Gavira J.A.,Laboratorio Of Estudios Cristalograficos | Van Driessche A.E.S.,Laboratorio Of Estudios Cristalograficos | Garcia-Ruiz J.-M.,Laboratorio Of Estudios Cristalograficos
Crystal Growth and Design | Year: 2013

Protein crystals were obtained in a wide range of silica gel concentrations, 2.0-22.0% (v/v), using the counter-diffusion technique. The protein crystal lattice incorporates silica fibers during their growth, making the crystal appear optically translucent while maintaining the diffraction quality. The effect of the silica fibers on the nucleation and growth morphology is discussed, and the amount of incorporated silica matrix is quantified. The practical implications of the presence of a high hygroscope phase on the crystal properties are discusse, and the improvement of the mechanical properties and stability of the crystals is shown. These reinforced protein crystals, able to include large amounts of silica, open a new range of possibilities for the characterization of protein crystals and the application in the biotechnological industry. © 2013 American Chemical Society.

Sleutel M.,Vrije Universiteit Brussel | Van Driessche A.E.S.,Laboratorio Of Estudios Cristalograficos
Crystal Growth and Design | Year: 2013

We report on the failure of the Cabrera-Vermilyea (CV) step pinning model to reproduce the elementary step kinetics for the case of tetragonal lysozyme crystals growing from contaminated solutions. We measured the supersaturation dependency of the step velocity using confocal microscopy for three different commercially available lysozyme batches with varying levels of impurity content, that is, Seikagaku, Fluka, and Sigma. Strong nonlinear dependencies are obtained in the high to intermediate supersaturation range and near-linear dependencies at lower driving forces. The clear absence of a dead zone for the Fluka and Seikagaku data is in direct contradiction to the CV model. As such, we developed a time-dependent impurity model based on Bliznakov kinetics assuming Langmuir adsorption. Admissible fits are obtained for Fluka and Seikagaku lysozyme corroborating the self-purification interpretation due to the diminishing terrace exposure times at higher supersaturation levels. The steeper recovery toward pure kinetics for Sigma lysozyme than predicted by Langmuir adsorption prompted us to expand the model to allow for impurity-impurity interaction. The resultant kinetic model, which assumes a Kisliuk-like mode of impurity adsorption, did yield acceptable fits with Sigma step kinetics. This Bliznakov-Kisliuk model also predicts clustering of impurity molecules on the surface, which is corroborated by our in situ experimental atomic force microscopy observations. © 2013 American Chemical Society.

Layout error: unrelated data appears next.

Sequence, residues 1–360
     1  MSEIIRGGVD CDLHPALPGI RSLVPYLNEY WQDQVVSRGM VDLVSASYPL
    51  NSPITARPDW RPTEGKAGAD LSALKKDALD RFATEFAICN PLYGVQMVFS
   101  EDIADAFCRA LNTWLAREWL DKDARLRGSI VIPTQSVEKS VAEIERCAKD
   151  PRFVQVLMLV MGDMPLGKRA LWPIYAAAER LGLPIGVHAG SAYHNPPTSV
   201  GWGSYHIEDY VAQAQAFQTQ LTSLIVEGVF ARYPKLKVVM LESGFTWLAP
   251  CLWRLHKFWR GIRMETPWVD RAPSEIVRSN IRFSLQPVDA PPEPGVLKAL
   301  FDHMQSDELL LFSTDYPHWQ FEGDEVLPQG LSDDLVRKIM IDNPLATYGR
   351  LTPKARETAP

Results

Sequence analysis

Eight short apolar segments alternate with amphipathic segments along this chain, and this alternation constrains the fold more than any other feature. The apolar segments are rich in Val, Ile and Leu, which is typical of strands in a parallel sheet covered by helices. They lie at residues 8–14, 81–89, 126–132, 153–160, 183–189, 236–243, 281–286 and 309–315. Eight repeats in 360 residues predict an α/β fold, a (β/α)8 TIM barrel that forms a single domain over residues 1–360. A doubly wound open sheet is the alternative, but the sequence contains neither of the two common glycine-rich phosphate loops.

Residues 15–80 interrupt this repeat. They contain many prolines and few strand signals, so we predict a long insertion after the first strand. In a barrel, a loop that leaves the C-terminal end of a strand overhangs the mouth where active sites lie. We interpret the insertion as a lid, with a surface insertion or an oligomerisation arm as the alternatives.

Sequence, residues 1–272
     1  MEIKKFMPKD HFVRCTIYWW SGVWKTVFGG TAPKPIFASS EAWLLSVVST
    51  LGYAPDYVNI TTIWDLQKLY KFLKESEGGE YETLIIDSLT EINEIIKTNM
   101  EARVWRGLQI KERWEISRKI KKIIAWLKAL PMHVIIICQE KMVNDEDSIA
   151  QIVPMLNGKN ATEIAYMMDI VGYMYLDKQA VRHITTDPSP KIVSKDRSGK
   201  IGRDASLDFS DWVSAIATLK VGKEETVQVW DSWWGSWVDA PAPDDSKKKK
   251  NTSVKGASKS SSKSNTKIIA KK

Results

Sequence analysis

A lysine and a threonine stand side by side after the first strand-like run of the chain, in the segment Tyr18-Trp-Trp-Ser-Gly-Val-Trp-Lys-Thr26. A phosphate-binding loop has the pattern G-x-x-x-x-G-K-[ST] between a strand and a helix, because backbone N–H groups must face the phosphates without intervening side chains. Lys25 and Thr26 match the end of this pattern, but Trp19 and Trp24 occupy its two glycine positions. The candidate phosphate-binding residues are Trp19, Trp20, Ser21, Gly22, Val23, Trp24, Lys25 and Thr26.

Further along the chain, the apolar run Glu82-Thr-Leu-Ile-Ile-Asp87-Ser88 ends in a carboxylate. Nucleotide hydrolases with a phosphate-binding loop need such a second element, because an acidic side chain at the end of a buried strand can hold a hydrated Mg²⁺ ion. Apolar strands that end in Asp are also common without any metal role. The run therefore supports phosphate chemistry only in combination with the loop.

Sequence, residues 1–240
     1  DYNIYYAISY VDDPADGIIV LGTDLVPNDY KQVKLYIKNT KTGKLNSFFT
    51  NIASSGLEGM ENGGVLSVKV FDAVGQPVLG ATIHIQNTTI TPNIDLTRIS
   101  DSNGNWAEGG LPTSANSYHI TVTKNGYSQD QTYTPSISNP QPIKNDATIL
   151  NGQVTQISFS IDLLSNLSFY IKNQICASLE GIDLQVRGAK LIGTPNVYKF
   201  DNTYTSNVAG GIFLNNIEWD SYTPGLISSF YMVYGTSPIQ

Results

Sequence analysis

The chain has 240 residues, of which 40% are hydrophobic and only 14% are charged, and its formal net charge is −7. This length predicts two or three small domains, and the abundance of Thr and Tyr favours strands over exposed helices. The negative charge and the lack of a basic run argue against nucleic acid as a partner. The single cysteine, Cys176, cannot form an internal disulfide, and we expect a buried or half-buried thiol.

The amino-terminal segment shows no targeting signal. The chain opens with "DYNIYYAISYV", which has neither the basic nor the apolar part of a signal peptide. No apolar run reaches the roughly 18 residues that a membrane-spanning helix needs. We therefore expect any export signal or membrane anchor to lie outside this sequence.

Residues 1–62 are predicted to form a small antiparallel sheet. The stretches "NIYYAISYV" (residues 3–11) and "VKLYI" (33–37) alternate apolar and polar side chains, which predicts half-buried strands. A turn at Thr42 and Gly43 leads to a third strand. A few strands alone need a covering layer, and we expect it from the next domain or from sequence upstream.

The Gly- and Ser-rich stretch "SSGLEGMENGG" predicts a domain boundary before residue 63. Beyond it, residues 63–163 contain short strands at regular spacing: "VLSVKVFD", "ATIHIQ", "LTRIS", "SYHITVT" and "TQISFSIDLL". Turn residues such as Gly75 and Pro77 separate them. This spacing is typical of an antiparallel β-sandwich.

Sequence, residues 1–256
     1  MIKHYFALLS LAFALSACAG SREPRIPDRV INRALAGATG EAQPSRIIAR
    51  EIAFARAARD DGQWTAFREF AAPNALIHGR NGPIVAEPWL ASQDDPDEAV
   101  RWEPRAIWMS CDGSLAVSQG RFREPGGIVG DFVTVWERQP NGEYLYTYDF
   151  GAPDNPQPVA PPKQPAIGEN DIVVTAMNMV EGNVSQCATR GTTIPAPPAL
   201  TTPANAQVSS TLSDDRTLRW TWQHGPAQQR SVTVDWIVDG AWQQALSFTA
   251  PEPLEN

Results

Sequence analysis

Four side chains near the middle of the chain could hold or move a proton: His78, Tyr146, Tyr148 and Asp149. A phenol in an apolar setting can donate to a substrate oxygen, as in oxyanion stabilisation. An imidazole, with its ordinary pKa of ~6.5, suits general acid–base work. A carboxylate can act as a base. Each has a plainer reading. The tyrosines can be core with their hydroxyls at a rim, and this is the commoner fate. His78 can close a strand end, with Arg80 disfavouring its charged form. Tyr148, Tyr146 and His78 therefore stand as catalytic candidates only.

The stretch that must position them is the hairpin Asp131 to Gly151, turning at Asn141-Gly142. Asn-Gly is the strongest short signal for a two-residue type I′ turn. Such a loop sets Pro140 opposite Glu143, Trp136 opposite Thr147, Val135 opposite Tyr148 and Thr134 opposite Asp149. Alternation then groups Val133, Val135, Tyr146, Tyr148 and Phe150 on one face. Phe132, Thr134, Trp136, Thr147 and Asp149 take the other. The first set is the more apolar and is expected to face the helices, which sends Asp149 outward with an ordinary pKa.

Glaab F.,University of Regensburg | Kellermeier M.,University of Konstanz | Kunz W.,University of Regensburg | Morallon E.,University of Alicante | Garcia-Ruiz J.M.,Laboratorio Of Estudios Cristalograficos
Angewandte Chemie - International Edition | Year: 2012

Silica gardens are well-known examples for the self-assembly of inorganic material (see figure). The growth of hollow tubes results in the spontaneous formation of two compartments with highly dissimilar pH and ion concentrations, which cause electrochemical potential differences across the membrane. Initially generated gradients are relieved over time through dynamic diffusion and precipitation processes. Copyright © 2012 WILEY-VCH Verlag GmbH & Co. KGaA, Weinheim.

Kellermeier M.,University of Konstanz | Kellermeier M.,University of Regensburg | Glaab F.,University of Regensburg | Melero-Garcia E.,Laboratorio Of Estudios Cristalograficos | Garcia-Ruiz J.M.,Laboratorio Of Estudios Cristalograficos